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Rolando Alarcón Soto (August 5, 1929 – February 4, 1973) was a Chilean teacher, folklorist, soloist and composer. He became a national-known figure in his home country due to his work as a musician, and at his funeral, even the president, Salvador Allende, expressed his regrets.

Born on August 5, 1929, he grew up in Sewell, Chile, where he lived together with his parents, Atilio Alarcón de la Fuente and Zunilda Soto Riquelme, and his three brothers. At the age of ten he moved to Chillán in order to study, and it was also here he became a teacher. He moved to Santiago in 1950 where he became interested in folk music, and where he in 1951 started specializing, as a teacher, in music.

In Santiago he also became a founding member of first the folk music choir Coro Pablo Vidales, and later an integral part and director of the more successful Cuncumén, which also toured Europe two times in 1957 and 1961, until 1963 when he left the group. He then formed a duo together with Silvia Urbina for a short while, with whom he also recorded a couple of songs in Russian, but in 1965 he started his career as a soloist.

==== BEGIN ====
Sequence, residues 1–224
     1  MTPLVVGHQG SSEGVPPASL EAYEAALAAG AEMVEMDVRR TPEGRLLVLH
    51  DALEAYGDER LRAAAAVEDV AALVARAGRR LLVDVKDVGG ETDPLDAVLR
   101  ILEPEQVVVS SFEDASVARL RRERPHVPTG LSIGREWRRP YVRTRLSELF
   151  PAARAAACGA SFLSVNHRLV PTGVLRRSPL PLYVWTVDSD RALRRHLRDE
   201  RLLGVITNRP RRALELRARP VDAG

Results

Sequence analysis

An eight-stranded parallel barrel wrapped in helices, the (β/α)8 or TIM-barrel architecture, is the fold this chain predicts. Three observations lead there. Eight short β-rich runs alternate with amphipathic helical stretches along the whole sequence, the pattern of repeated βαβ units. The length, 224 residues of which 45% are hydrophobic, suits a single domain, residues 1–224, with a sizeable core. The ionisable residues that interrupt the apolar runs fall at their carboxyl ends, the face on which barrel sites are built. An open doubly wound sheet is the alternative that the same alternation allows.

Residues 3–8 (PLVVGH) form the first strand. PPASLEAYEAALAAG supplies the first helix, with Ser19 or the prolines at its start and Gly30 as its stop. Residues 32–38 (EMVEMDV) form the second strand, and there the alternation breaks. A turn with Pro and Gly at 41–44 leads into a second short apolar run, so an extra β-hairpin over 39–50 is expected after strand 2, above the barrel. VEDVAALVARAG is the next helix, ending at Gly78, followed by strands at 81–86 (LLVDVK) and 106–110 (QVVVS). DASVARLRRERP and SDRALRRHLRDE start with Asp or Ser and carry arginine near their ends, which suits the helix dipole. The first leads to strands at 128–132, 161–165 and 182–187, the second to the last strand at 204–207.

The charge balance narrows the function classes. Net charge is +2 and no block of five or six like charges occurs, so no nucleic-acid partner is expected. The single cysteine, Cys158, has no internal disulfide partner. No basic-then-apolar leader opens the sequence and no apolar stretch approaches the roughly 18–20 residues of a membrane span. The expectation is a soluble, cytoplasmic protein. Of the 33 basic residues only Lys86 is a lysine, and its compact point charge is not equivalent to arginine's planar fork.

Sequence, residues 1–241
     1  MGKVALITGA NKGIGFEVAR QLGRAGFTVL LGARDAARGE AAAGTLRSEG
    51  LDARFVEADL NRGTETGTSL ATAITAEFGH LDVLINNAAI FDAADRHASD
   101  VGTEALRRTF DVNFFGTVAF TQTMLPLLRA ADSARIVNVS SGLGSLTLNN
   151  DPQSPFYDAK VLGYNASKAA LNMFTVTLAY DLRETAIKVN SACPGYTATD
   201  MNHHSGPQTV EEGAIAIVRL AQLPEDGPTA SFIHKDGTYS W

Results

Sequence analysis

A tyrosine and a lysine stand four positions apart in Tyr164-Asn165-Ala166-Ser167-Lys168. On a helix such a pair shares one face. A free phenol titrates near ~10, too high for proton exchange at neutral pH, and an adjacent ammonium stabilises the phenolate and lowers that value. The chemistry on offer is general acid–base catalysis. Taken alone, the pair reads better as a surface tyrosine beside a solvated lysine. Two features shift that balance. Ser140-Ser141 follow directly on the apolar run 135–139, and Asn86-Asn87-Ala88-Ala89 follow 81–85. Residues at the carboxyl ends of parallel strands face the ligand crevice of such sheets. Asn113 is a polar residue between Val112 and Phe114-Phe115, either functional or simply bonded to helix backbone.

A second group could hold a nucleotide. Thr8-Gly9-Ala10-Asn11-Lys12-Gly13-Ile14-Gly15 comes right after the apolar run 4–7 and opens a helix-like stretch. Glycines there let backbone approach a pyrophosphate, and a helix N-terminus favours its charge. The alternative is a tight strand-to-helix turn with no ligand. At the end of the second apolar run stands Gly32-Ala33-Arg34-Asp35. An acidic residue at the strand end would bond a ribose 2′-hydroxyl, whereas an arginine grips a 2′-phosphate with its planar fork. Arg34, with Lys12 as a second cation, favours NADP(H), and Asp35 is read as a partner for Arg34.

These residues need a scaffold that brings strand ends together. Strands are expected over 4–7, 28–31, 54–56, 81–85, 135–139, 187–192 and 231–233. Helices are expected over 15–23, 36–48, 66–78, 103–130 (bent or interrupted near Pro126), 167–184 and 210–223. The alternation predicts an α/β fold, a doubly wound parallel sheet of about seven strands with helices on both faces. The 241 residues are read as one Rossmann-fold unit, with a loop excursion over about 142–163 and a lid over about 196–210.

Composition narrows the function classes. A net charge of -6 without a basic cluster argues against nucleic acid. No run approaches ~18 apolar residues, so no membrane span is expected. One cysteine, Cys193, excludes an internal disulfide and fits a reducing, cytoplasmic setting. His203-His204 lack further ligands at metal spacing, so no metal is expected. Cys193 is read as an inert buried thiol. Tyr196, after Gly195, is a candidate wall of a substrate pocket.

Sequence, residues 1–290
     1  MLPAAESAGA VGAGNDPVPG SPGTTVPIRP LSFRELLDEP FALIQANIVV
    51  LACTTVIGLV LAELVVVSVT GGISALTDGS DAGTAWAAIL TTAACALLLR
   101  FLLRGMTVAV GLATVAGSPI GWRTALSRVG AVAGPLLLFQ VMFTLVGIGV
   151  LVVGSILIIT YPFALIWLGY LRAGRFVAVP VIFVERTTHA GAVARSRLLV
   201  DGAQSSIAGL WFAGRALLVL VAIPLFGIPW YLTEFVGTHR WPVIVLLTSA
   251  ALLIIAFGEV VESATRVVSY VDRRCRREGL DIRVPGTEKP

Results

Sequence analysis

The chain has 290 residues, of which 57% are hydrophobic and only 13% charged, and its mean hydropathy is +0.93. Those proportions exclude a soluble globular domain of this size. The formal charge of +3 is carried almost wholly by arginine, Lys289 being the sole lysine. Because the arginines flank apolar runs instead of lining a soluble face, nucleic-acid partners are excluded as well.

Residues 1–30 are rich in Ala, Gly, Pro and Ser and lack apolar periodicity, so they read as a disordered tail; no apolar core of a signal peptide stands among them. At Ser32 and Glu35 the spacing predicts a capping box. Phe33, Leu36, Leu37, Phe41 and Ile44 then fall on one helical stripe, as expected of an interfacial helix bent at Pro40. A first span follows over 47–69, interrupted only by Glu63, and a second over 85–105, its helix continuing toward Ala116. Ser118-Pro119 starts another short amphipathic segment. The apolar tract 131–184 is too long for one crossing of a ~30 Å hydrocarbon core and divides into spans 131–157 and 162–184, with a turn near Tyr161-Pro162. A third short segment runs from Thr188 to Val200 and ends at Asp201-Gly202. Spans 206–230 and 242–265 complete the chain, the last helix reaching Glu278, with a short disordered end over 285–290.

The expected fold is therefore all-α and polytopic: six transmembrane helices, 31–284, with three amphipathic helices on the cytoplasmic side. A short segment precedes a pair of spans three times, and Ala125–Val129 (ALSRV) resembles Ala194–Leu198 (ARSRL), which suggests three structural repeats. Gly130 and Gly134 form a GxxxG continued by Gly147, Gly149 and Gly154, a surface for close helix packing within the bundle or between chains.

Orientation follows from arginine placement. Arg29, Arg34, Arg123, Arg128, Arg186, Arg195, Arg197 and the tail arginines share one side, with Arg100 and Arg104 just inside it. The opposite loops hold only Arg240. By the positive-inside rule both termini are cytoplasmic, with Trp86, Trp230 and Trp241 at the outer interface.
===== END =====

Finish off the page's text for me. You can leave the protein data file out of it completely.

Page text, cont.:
Alarcón was gay, and he kept it in secret due to the hostility lived in that period against the homosexual people. His experiences with living with homosexuality were revealed in the book Raro: A gay history in Chile (2011), by Oscar Contardo.

He died during an operation on February 4, 1973, only 43 years old.


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